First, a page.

The Nighthawks, however, could have used some guidance from the Current. With the second fewest breaks and third most MFPs, they were only converting 26.1% of the time. That is a step up from their league worst 20.6% DSE, but I feel they might have had better uses for their timeouts. Even with their 44.9% OSE they would have been statistically better to put in their offense after getting a turn than relying on getting breaks through the MFP.

The other side of the midfield pull is how often you are scoring when you face it. This season we saw that most teams were far more prepared to receive the MFP than in 2015. Bear with me as these numbers get a little bit weird here.

TeamMFPs ReceivedHoldsMFP OSERegular OSE

Like DSE, OSE is a measure of how often a team is scoring when it starts on offense. When I first looked at these numbers I was sure I did the math wrong. Almost every team was actually more effective on offense when facing the MFP. I’ve check my numbers and they add up, so their is something else going on here. For one, when comparing to the list above, remember that this is a completely different distribution. But there is something else going on that I hadn’t thought of before. When the 20 second timeout is called coaches change who is going out on the line. Suddenly they are looking to put out the best offensive line.

Ultimate is a game that favors the offense. We see that in all the stats throughout the year and here in the MFP, the defense is only getting a slight advantage. What is happening this season is that teams have learned what they need to work on to not get pinned by the MFP. Really the only team that surprises me on this list is the Dogfish. They were the absolute worst at converting points when facing the MFP in 2015 and while not the best this season, they are the only non-playoff team to have a better OSE when facing the MFP.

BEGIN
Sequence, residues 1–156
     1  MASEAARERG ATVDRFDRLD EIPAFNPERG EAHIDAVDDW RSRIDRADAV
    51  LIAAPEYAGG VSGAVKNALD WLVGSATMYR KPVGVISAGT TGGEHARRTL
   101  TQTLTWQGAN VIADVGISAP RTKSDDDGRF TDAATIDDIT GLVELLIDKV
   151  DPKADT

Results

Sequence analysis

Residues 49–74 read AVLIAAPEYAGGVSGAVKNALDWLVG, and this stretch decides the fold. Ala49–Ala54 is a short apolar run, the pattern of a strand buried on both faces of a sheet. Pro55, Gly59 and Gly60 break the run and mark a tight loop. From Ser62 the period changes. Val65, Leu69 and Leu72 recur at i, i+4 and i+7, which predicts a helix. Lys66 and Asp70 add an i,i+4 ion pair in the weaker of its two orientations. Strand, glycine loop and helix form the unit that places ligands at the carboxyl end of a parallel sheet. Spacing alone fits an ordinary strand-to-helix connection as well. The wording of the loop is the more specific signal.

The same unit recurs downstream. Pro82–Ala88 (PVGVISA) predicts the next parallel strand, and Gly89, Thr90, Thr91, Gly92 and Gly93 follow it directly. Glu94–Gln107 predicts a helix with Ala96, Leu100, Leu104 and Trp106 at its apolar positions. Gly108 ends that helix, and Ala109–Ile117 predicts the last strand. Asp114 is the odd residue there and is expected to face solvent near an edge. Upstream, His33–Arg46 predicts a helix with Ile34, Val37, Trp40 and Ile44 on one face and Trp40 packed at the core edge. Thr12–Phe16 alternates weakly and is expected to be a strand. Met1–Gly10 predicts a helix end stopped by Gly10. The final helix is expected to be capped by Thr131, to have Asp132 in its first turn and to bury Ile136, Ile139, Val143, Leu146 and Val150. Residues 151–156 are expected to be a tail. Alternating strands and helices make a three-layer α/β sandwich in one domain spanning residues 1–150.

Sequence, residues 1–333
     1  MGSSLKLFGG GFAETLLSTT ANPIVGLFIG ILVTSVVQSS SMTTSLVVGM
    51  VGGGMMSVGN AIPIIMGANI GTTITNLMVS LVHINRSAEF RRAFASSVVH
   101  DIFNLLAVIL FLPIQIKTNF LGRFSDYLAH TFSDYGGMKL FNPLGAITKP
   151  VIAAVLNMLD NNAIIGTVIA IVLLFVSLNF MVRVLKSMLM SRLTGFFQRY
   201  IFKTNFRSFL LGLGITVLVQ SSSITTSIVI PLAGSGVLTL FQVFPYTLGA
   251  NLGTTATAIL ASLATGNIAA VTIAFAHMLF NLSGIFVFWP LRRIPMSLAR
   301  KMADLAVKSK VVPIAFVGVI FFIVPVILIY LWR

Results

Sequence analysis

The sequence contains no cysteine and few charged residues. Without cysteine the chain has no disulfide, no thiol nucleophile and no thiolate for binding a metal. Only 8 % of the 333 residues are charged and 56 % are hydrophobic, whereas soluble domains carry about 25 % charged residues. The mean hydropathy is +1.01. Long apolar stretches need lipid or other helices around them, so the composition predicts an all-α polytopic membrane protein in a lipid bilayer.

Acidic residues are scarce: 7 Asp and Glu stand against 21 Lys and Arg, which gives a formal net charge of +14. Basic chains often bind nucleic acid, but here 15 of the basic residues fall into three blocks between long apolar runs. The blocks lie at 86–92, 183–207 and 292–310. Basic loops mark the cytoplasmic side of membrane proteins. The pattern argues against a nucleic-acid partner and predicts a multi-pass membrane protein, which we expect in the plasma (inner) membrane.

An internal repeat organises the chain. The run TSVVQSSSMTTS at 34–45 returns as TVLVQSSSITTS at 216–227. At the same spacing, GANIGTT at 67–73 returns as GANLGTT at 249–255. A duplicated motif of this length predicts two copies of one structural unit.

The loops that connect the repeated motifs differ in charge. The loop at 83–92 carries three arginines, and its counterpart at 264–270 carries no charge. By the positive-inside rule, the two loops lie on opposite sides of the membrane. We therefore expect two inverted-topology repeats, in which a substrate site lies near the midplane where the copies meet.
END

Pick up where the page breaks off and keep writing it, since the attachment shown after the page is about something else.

One other issue that still exists is the problem of small numbers. While we saw a double in the number of MFPs these teams are still not facing it often enough to give a true picture of what is happening. Another wrench in the mix is that our only options aren’t just breaks and holds. We can also see no scores. One of the surprising things from this season however is that we only saw 24 MFPs end as a no score. That is the same number as 2015. Since I only have last seasons numbers to compare to that throws off my mental picture of what to happen. No scores accounted for roughly 16% of MFPs in 2015, while on accounting for about 7% in 2016.

The evolution of the MFP is on going and I’m sure we are going to see it implemented a bit differently next season. I’m torn on the issue of the extra timeouts. While I would like to see more frugal use of the MFP, the extra timeouts gave the option of using the MFP earlier in the game and spread them out so we didn’t just see them as something you end the quarter with. I see the MFP as a tactical choice that coaches should have as part of their tool kit, but worry that they might be using it too often. With roughly eight MFPs per game this season we’re seeing it used as a bludgeon rather than skilled instrument.

What ever happens with the MFP, I’m excited to see what next season brings for this wonderful addition to the game.